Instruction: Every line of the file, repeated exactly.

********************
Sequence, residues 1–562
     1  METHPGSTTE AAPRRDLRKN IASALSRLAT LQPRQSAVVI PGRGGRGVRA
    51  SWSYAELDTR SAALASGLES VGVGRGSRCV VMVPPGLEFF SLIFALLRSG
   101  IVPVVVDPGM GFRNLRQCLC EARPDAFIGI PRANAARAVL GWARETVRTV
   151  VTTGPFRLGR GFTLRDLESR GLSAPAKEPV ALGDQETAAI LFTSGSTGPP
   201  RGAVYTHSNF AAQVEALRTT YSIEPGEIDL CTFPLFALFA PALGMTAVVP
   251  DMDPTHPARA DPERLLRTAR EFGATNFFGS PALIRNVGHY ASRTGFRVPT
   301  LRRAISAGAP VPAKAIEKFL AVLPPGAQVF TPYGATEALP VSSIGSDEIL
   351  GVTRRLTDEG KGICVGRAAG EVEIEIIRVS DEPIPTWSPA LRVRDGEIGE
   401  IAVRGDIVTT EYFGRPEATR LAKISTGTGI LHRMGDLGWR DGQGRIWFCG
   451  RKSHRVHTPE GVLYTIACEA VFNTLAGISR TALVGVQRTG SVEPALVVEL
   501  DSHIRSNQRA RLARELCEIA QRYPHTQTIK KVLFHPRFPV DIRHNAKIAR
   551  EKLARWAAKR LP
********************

Sequence, residues 1–562
     1  METHPGSTTE AAPRRDLRKN IASALSRLAT LQPRQSAVVI PGRGGRGVRA
    51  SWSYAELDTR SAALASGLES VGVGRGSRCV VMVPPGLEFF SLIFALLRSG
   101  IVPVVVDPGM GFRNLRQCLC EARPDAFIGI PRANAARAVL GWARETVRTV
   151  VTTGPFRLGR GFTLRDLESR GLSAPAKEPV ALGDQETAAI LFTSGSTGPP
   201  RGAVYTHSNF AAQVEALRTT YSIEPGEIDL CTFPLFALFA PALGMTAVVP
   251  DMDPTHPARA DPERLLRTAR EFGATNFFGS PALIRNVGHY ASRTGFRVPT
   301  LRRAISAGAP VPAKAIEKFL AVLPPGAQVF TPYGATEALP VSSIGSDEIL
   351  GVTRRLTDEG KGICVGRAAG EVEIEIIRVS DEPIPTWSPA LRVRDGEIGE
   401  IAVRGDIVTT EYFGRPEATR LAKISTGTGI LHRMGDLGWR DGQGRIWFCG
   451  RKSHRVHTPE GVLYTIACEA VFNTLAGISR TALVGVQRTG SVEPALVVEL
   501  DSHIRSNQRA RLARELCEIA QRYPHTQTIK KVLFHPRFPV DIRHNAKIAR
   551  EKLARWAAKR LP